The non-existent problem of deciphering a newborn’s cues
It is now well-accepted that cue-based care, responding to a baby’s cues for feeds, physical contact, play or sleep, is the best form of care for babies, particularly for newborns. However, this has turned into lists of baby’s cues, instruction guides on how to decipher their bizarre and yet supposedly universal signals. Many of these instruction guides seem to suggest that children come into the world speaking their own peculiar language of grunts, ear-pulling, eye-fluttering and specific cries for specific needs. It is ridiculous and it makes life unnecessarily stressful for new parents, many of whom feel like they need to learn a new language to parent their child. In fact, instruction guides on deciphering a baby’s cues are just as useless as the “How to Know if He Likes You” articles so common in young women’s magazines. Sure, the fact that he talks to you frequently could mean he likes you in that way. It could mean alot of things… There’s only one way to know if he likes you and that’s to put time and energy into getting to know him and to let your feelings and his become clear with time. In the same way, sure, ear-pulling could mean your baby is tired. It could mean alot of things… There’s only one way to become adept at reading and responding to your child’s unique cues and that’s to put time and energy into getting to know your baby. You need to experiment and see what works. Your baby’s unique cues, patterns, feelings and personality will be revealed with time. You might say that’s all very well in the long-term, but what’s a new parent to do? How is a new parent, still groggy and overwhelmed from the birth, meant to decipher baby’s cues?Don’t new parents needs the lists and instruction guides as a starting point? The truth is there isn’t much deciphering to be done in the early months. In fact, to give cue-based care to a newborn there’s really only one question you need to answer: could baby be hungry? If you think your baby could be hungry then offer a feed. If you don’t think your baby could be hungry then mix up your baby’s sensory experience in a way that would feel good for you at the time: hold baby, walk with baby, rock baby on a rocking chair with some music, dance with baby, go for a walk with baby, spend time in your backyard, or have an outing together. Notice what happens. Did baby suckle hungrily, taking big gulping swallows of milk? Did baby seem to enjoy the backyard, walk, dancing, or outing, did your baby liven up and relish the sights and sounds? Did baby drop off to sleep on the feed or out on the walk? With time, noticing how your baby responds, will give you a clear sense of your baby’s unique cues and patterns. Apply it to your life: Are you the parent of a new baby? Put those instruction manuals aside and get to know your unique baby. In the early months there’s really only one question: could baby be hungry?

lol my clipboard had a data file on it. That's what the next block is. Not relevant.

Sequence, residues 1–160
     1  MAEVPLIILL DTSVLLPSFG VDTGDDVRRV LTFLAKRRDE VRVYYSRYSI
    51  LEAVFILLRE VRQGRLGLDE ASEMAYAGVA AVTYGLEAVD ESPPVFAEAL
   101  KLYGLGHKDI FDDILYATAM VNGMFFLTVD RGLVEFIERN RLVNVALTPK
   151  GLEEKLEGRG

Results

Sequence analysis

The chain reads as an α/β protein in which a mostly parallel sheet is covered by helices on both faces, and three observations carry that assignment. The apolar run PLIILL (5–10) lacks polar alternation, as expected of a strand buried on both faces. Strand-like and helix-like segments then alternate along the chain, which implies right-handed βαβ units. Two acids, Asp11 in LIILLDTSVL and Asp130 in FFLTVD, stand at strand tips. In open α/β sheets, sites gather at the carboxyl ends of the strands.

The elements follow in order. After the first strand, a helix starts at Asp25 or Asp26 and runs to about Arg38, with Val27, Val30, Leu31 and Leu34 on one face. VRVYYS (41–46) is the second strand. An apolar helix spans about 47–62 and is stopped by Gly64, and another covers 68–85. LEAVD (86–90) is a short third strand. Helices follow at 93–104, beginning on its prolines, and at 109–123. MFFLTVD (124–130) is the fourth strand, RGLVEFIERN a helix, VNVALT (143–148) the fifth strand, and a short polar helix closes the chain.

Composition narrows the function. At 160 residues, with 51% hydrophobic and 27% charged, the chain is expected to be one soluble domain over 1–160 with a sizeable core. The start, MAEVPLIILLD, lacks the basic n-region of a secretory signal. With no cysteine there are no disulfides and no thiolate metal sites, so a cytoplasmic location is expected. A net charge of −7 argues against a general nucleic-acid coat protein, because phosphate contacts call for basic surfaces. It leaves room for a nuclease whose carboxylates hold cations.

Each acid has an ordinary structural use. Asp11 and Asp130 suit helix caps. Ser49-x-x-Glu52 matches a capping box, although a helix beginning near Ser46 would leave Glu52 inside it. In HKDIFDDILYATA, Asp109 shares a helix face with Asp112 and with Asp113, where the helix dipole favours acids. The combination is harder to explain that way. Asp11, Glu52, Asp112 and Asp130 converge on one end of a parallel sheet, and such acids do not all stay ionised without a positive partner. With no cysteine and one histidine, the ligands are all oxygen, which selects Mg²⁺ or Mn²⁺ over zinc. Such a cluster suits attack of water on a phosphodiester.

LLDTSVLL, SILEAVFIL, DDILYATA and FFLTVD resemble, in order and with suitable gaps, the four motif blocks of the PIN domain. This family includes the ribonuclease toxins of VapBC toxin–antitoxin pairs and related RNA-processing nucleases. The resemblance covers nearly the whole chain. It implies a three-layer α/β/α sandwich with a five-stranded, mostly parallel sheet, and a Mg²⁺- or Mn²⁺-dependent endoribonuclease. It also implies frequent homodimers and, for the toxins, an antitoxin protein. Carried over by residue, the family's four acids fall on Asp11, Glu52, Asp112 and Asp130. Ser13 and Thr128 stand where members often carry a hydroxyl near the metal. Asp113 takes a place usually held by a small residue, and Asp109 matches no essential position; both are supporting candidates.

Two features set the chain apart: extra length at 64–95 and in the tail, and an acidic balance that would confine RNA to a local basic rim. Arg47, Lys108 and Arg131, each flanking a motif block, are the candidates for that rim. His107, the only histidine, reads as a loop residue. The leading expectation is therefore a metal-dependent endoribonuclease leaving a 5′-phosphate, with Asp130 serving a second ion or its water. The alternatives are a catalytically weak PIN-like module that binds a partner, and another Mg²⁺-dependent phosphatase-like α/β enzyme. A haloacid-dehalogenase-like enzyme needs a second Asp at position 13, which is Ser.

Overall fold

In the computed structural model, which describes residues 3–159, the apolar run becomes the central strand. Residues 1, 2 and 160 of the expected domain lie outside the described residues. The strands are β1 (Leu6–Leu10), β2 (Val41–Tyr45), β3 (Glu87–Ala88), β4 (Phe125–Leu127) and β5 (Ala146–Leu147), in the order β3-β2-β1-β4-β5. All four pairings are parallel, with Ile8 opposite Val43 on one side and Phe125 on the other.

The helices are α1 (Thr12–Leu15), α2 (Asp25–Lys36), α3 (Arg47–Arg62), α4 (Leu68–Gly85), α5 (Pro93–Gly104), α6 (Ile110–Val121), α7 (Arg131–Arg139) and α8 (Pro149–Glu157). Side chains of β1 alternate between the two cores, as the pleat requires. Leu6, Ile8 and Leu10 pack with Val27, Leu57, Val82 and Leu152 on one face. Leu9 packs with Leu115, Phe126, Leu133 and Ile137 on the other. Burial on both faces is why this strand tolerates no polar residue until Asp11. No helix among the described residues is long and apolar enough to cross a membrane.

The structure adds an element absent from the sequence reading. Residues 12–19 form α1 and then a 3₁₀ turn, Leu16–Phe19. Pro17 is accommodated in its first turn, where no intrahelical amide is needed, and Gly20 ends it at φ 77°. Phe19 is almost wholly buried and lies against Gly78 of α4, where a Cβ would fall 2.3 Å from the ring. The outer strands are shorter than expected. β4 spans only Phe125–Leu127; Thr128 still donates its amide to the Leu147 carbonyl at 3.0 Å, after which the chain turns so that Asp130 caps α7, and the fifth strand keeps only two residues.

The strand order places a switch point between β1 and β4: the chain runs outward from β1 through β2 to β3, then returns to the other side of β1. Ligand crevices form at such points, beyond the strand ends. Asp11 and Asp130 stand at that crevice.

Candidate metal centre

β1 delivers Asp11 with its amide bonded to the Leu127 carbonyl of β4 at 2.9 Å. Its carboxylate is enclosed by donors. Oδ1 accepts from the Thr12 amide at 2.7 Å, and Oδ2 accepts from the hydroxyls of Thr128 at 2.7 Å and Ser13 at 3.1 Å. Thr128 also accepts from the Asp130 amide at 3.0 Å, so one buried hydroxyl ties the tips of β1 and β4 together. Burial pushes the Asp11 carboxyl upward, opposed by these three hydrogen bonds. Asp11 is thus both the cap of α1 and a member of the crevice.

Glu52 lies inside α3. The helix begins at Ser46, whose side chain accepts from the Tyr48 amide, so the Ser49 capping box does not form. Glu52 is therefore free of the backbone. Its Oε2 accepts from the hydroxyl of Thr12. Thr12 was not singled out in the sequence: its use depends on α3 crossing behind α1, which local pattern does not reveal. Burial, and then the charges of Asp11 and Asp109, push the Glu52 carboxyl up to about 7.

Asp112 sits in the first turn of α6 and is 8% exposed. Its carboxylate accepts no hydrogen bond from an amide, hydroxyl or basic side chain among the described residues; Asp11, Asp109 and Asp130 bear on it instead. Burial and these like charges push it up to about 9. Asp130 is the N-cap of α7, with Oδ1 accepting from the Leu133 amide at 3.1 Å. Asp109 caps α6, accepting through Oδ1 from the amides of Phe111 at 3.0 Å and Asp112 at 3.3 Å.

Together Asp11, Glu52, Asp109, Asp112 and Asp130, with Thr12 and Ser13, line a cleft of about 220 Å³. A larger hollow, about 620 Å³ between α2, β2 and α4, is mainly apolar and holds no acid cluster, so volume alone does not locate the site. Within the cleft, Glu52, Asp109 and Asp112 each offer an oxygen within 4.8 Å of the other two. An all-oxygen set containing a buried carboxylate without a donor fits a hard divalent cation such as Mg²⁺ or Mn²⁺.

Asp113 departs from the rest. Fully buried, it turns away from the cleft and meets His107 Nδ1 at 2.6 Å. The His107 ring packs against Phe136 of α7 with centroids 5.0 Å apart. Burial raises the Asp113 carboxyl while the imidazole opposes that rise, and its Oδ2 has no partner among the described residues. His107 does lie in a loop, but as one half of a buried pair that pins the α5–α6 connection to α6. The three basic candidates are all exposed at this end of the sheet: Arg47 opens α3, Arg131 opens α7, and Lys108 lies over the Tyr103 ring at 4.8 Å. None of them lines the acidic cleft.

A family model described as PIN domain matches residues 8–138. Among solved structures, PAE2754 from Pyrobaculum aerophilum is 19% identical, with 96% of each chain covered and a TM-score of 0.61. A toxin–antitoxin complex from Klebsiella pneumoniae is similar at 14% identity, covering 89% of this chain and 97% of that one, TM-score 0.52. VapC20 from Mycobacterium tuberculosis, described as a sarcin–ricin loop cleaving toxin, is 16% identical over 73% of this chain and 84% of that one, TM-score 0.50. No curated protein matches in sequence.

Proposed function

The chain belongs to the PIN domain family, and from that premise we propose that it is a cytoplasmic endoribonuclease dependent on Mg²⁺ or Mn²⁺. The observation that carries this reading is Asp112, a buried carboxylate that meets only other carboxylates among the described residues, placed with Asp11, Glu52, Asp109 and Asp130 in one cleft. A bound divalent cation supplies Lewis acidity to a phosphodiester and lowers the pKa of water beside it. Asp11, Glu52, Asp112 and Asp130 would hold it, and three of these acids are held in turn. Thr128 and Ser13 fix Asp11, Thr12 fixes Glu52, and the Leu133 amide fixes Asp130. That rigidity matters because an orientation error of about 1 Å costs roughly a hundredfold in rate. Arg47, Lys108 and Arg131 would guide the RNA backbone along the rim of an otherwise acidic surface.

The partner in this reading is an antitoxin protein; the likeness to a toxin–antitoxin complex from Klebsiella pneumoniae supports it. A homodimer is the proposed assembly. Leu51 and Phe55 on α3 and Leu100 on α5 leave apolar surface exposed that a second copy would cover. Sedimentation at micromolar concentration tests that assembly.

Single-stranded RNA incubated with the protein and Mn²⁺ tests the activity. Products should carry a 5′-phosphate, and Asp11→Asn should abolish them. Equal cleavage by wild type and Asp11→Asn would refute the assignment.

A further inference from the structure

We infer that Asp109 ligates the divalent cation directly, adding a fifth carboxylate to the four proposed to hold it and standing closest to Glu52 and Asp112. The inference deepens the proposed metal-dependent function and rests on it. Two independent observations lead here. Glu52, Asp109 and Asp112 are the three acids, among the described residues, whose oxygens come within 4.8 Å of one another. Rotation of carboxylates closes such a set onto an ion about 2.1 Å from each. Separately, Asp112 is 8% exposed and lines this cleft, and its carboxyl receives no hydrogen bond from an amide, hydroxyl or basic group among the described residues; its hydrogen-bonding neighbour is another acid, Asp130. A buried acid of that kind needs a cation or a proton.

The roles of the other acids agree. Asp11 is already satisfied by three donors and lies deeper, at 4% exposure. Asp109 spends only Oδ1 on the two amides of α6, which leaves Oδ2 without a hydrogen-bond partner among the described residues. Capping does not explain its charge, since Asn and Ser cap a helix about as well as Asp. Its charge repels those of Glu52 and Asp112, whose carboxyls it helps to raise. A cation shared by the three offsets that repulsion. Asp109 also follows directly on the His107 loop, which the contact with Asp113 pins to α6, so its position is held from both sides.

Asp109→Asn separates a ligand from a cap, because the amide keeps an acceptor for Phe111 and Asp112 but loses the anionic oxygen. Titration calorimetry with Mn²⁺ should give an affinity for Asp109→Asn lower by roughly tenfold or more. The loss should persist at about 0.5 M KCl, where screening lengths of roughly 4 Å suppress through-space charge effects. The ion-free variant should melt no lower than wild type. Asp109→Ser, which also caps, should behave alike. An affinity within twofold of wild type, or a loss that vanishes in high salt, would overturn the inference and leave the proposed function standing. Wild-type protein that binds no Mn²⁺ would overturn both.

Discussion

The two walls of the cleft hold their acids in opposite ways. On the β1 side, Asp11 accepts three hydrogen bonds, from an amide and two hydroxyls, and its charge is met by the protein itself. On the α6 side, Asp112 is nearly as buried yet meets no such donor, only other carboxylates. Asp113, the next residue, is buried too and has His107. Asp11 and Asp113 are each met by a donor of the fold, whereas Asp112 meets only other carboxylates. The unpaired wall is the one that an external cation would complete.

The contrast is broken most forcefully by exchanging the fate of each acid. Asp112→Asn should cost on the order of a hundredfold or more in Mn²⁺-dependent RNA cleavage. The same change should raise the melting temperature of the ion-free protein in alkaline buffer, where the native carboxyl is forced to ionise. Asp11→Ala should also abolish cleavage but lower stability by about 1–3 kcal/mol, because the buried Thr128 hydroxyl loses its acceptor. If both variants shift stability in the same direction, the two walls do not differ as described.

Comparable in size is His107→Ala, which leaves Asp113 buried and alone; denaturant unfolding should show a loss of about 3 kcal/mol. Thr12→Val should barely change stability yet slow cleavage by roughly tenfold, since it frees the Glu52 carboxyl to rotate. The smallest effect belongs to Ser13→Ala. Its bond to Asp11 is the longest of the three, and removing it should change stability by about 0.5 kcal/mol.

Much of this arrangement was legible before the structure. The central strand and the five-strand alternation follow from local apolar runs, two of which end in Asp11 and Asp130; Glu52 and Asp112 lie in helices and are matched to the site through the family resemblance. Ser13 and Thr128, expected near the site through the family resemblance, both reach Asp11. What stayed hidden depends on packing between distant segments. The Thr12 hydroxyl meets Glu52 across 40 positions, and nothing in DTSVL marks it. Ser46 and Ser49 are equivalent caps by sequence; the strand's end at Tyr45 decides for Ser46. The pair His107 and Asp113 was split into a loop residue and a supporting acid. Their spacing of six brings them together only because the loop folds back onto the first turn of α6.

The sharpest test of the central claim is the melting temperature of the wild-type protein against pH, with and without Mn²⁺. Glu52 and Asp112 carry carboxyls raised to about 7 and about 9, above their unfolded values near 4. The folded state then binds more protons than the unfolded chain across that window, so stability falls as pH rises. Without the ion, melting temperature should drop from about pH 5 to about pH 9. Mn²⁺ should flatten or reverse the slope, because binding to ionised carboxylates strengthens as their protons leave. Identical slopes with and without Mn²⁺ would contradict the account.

11 months on and I have never worked out my daughters cues.
The whole idea of ‘working out’ cues as if they were another language is so misleading. Flexible experimentation is what is needed.